Technically, fewer differences between 'English' and Western riding exist than most people think.
The outfit of the competition Western rider differs from that of the dressage or 'English' rider. In dressage all riders wear the same to prevent distraction from the riding itself. But show -- in the form of outfit (and silver ornaments on saddle and tack) -- forms part of Western riding. The riders must wear cowboy boots, jeans, a shirt with long sleeves, and a cowboy hat. Riders can choose any color, and optionally accoutrements such as chaps, bolo ties, belt buckles, and (shiny) spurs.
Competitions exist in the following forms:
The haute école ("high school") is a highly refined set of horseback skills.
Leading haute école démonstration teams include:
Other horse sports
The Chiddingly Horse Show and Gymkhana is now in its 54th Year. A Gymkhana (derived from the Urdu word for "racket court") is an Indian term for a place where sporting events take place and refers to any of various meets at which contests are held to test the skill of the competitors, such as in the sports of equestrianship, gymnastics, or sports car racing.
In the United Kingdom, the term gymkhana now almost always refers to an equestrian event, often with the emphasis on children's participation (such as those organised by the Pony Club), although in the past the word was sometimes used for motorsport events.
In equestrian competitions, gymkhana classes are timed speed events such as barrel racing, keyhole, keg race (also know as "down and back"), and pole bending. The Chiddingly event includes: Jumping, Showing, Novice Corner & Gymkhana Events, Working Hunter, Mountain & Moorland, Handy Pony, Clear Round, Fancy Dress, Pleasure Driving and Cones Driving
Criticism of horses in sport
Most animal rights groups such as the Humane Society of the United States and People for the Ethical Treatment of Animals, which advocate against animal ownership, target wilder horse "sports", with claims of animal cruelty. Horse racing and rodeo are more easily targeted because of their extensive use of animals in sport. It is difficult for people to differentiate between normal equine abilities and actual abuse.
One problem is a disagreement about terms like abuse. Animal rights activists have a strict idea of what animal abuse is, and prefer nothing is done against the will of the animal in question.
Many people are less concerned with the free will of horses, and are worried that sports may cause injuries to horse athletes, just as they do for human athletes. Those in favor of using horses in sport point out that horses in nature are injured much more often and more severely than those in sport. This brings a dilemma: If a horse gets an injury while competing, is this immoral? If a horse slips in its pasture while playing, is this OK? Animal rights activists believe that the injury in a pasture is self inflicted and natural, where as injuries from sport are forced upon horses by humans, and an unnecessary part of the horse's life, making injury from sport immoral.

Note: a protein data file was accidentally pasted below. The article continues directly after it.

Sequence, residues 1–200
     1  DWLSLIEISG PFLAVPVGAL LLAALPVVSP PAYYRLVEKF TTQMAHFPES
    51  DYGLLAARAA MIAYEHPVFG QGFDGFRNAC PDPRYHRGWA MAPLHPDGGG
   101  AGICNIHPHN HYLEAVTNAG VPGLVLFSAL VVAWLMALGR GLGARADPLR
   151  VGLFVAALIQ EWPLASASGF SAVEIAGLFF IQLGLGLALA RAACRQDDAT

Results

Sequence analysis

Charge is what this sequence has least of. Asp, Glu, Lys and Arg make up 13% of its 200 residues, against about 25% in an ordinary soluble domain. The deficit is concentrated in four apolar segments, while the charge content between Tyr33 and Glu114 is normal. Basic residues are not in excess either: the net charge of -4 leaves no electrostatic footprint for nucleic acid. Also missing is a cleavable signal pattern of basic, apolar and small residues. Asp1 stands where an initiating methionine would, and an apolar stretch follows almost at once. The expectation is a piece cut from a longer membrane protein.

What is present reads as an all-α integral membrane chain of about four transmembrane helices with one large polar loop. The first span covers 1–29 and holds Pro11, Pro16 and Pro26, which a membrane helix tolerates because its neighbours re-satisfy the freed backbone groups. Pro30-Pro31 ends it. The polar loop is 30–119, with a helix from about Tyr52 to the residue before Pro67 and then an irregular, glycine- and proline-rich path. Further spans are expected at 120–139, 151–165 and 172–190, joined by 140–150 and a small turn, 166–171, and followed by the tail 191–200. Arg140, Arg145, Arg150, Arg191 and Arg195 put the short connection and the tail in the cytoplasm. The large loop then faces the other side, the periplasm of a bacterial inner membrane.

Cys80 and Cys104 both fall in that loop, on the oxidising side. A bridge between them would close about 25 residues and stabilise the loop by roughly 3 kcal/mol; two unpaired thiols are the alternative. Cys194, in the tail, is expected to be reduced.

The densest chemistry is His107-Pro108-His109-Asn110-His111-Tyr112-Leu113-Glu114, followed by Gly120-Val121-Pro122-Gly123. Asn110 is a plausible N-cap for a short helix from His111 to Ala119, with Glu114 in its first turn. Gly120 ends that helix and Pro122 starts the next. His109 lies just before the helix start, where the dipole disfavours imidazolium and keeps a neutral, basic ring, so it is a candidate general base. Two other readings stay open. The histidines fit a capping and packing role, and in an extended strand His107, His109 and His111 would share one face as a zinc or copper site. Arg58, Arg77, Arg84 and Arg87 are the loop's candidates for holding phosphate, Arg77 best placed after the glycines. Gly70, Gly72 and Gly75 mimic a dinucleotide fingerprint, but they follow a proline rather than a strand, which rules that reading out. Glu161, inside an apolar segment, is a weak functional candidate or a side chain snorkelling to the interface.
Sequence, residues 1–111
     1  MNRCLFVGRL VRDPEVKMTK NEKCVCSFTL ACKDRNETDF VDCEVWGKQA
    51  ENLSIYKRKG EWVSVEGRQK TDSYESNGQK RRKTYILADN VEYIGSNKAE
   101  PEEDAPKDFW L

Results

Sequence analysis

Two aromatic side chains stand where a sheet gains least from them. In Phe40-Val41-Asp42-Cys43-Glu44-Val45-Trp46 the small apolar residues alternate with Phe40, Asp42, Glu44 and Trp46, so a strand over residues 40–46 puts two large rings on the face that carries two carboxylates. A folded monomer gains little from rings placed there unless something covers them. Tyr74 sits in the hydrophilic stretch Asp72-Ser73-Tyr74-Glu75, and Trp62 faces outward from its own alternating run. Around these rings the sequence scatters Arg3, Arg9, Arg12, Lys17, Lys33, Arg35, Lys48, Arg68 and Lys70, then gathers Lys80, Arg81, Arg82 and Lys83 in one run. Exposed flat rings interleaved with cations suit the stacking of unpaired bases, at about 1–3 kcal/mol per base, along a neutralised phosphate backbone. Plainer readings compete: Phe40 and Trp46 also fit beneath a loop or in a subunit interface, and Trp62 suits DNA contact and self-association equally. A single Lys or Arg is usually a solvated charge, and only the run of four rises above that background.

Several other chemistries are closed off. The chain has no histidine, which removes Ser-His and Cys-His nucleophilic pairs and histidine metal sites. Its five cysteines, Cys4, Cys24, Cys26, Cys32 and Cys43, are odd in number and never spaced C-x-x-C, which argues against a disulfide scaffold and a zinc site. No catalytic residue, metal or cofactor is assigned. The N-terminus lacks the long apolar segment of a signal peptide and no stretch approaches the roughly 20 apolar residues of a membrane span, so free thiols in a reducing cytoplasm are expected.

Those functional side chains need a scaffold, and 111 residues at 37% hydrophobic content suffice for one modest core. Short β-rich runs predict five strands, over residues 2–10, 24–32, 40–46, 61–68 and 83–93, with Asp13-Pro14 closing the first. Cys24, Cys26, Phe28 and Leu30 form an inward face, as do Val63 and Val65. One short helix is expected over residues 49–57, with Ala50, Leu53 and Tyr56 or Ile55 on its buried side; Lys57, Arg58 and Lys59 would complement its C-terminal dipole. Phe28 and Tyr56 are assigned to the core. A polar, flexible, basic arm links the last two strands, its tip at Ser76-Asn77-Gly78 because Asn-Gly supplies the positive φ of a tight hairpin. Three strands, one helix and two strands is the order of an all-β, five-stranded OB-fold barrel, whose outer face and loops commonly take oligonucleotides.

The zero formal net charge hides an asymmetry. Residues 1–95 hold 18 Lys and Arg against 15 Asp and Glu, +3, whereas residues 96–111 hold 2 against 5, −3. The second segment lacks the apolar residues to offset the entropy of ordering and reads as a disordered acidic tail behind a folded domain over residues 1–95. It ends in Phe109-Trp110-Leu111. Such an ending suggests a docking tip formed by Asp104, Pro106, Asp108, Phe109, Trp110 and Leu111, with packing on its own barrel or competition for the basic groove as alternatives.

Rodeos claim that an injured horse is less profitable than a healthy horse. Activists claim rodeos turn a blind eye to minor injuries which do not impair performance. They also cite psychological harm, poor living conditions, forced breeding, and the killing of unprofitable horses as forms of abuse. Many horse owners that compete in sports, however, do not force-breed, kill unprofitable horses, or have poor living conditions for their horses. Contradictory evidence is often provided by opposing sides, which may lead one to believe that while select few horse breeders can be considered inhumane, the majority are not. Sports like rodeo and racing are closely monitored by veterinarians to prevent and treat injuries if they occur. Animal living conditions vary, but many rodeo stock live on open ranches when not working on the weekend. Horse professionals claim they know better what is best for horses than rights activists that live horseless lives and are easily influenced by propaganda. Rights activists claim that horse professionals are biased on the matter of what is best for horses for their own personal gains.
Many horse owners are interested in the well being and welfare of horses, and are allied with animal rights advocates and animal welfare advocates in believing that genuine abuse of horses should end.
International Federation for Equestrian Sports (FEI) official homepage
E-Equestrian Horse Forum Equestrian Community dedicated to all aspects of riding disciplines and horsemanship